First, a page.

fect. A very sliert time atier the While such was the state of price bad dispatched his letter, he affairs in Italy, new scenes of horror sent an aide-de-camp to the French and carnage were preparing on the general io request a suspension of Rhine. The command of the army arms for four hours--but this proof the Sambie and Meuse had been posal Buonaparte declined, under entrusted to general Hoche, a the apprehension that the oily obyoung and spirited officer, who, ject of the archduke was to gain a our readers will remember, had day, and effect a junction with gedistinguished himself not only in neral Spork, who was advancing Flanders, but by his successful and with a fresh reinforcement. A cor. happy termination of the civil war respondence, however, was imme. in La Vendée: general Moreau diately commenced between the was coniinued as commander of two generals, which ended at first the army of the Rhine and the Mo- in an armistice, and finally in ad. selle. In the beginning of April, justing preliminaries of peace be. general Hoche gave notice of the tween the court of Vienna and the conclusion of the armistice, and French republic, which were signed soon after passed the Rhine by the on the 18th of April by Buonaparte bridge of Neuwied. After an in- in the name of the French republic, effectual attempt on the part of the and by the Neapolitan minister on Austrian general Kray to procure a the part of the emperor. Among renewal of the armistice, a smart other articles, the preliminaries conaction commenced on the 18th of tained a direct cession of the Ne. April, in which the French were therlands to France, with the duchy victorious, and the Austrians lost, of Luxemburg, &c. the indepen: according to the report of general dence of the new Italian republics, Heche, 4,000 prisoners.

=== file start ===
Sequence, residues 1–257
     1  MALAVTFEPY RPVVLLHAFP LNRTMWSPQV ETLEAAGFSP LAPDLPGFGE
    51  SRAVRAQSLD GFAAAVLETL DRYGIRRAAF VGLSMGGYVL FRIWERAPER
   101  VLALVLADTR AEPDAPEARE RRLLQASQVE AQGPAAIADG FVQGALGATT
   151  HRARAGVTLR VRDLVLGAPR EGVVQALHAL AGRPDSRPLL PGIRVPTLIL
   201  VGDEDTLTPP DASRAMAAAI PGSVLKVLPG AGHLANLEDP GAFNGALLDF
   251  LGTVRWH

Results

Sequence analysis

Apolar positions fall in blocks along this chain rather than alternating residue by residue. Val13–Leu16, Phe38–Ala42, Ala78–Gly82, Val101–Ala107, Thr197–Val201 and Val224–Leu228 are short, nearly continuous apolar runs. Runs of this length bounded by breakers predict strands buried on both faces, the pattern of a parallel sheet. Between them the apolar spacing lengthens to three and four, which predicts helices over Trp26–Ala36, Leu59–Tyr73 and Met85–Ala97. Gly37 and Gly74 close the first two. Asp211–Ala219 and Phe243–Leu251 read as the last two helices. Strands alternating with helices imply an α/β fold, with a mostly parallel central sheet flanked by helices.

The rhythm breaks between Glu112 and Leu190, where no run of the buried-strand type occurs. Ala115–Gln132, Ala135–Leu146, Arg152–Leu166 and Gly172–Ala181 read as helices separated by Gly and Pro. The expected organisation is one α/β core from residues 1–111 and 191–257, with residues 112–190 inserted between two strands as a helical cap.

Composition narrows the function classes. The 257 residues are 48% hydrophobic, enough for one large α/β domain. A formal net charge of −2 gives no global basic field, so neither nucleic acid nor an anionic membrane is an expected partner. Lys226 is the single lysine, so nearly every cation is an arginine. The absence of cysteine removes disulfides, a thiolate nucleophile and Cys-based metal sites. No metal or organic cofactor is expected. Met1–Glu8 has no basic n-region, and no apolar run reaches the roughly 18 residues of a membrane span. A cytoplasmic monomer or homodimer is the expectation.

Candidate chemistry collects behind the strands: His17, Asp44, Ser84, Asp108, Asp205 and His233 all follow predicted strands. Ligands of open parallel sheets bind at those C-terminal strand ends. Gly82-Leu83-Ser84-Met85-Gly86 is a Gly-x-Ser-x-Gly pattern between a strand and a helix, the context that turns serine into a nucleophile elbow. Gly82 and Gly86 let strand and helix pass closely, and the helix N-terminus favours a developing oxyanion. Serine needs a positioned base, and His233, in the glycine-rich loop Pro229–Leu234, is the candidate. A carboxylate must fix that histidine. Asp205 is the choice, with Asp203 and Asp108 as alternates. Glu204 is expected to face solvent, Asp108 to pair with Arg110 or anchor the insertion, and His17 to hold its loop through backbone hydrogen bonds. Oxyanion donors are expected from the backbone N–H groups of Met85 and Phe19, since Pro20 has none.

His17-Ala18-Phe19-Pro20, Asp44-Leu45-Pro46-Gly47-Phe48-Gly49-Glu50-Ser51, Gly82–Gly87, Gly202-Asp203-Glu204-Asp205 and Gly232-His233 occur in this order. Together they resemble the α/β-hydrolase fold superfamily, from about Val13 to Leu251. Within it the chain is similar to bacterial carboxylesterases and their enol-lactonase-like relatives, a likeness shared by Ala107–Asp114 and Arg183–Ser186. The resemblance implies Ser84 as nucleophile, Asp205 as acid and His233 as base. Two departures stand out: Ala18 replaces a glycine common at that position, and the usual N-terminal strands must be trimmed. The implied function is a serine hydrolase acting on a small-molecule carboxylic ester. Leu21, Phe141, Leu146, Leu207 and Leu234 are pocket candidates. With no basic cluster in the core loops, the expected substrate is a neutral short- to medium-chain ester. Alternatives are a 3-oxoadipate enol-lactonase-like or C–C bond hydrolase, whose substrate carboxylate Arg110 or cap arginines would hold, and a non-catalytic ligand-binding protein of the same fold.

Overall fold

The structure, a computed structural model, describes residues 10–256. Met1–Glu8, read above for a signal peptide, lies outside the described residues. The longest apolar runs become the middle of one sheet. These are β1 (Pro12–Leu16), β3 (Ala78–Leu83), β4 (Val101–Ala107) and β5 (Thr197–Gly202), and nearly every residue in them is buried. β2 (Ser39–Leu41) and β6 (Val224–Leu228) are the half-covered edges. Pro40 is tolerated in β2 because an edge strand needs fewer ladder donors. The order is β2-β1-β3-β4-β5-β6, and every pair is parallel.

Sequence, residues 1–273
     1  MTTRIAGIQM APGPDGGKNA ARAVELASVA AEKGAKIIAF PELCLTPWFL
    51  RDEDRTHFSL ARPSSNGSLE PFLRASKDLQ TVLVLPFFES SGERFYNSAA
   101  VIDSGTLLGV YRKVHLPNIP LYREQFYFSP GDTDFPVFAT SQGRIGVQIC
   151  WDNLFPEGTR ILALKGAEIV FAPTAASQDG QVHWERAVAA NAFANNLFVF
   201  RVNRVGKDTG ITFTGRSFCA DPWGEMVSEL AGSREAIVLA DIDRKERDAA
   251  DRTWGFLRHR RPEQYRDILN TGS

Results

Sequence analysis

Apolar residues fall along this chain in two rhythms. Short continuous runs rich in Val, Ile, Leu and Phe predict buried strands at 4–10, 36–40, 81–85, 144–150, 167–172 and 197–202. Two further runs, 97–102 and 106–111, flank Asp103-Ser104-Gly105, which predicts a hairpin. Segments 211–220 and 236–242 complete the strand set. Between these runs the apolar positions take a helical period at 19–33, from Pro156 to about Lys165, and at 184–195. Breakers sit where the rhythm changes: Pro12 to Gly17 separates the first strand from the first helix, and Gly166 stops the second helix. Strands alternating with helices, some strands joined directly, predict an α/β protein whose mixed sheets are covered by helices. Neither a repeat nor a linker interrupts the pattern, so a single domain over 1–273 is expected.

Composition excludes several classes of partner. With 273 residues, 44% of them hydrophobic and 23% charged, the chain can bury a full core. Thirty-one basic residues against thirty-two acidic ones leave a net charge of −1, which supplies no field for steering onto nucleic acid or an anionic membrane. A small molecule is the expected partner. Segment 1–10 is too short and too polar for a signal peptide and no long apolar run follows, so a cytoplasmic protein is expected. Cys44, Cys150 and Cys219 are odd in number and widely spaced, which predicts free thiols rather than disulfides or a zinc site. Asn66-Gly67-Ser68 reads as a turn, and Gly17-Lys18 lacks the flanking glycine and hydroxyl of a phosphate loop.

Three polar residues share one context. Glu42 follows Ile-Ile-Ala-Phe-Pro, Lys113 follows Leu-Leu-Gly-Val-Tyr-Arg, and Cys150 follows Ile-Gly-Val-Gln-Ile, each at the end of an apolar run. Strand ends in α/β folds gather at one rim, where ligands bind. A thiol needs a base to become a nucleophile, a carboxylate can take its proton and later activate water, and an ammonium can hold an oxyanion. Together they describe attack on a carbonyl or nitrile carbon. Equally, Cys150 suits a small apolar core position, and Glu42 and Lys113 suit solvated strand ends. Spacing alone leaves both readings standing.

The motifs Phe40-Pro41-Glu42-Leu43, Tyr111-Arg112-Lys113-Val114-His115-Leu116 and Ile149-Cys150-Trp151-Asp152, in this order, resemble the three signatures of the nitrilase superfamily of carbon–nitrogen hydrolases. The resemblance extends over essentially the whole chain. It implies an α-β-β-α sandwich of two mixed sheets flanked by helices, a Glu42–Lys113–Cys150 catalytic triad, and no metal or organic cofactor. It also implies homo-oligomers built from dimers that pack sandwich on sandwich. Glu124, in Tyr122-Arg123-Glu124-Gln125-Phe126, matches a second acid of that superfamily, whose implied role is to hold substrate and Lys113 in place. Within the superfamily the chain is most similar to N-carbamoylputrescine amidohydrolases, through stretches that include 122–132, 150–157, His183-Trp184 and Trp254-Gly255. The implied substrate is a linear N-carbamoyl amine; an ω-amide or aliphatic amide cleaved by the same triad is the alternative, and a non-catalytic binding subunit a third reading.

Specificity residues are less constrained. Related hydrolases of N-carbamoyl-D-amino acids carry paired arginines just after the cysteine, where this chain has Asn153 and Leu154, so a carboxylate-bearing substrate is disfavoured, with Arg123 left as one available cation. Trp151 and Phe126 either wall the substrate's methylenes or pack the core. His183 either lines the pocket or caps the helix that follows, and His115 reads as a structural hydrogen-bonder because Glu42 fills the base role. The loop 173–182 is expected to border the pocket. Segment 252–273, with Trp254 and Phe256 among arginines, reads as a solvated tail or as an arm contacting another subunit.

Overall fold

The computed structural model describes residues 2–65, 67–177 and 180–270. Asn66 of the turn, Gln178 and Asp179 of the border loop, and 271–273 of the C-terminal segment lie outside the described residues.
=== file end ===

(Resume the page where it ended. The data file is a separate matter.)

and the navigation of the Rhine. The French pursued the enemy, By a secret article, it is believed, ard disledred them from Ukareth the French undertook to indemnify and Altenkirchen, while a division, the emperor by a part of the Veneunder general Ney, proceeded with tian territory, and by the secularithe greatest rapidity to Dierdorf. Zation of some of the ecclesiastical He found the Austrians there 6,000 states in Germany. strong, but he drove them from A general view of the successes their position, with the loss of 1,000 of the wir vas printed about this men, in killed, wounded, and prie period, and distributed among the soners.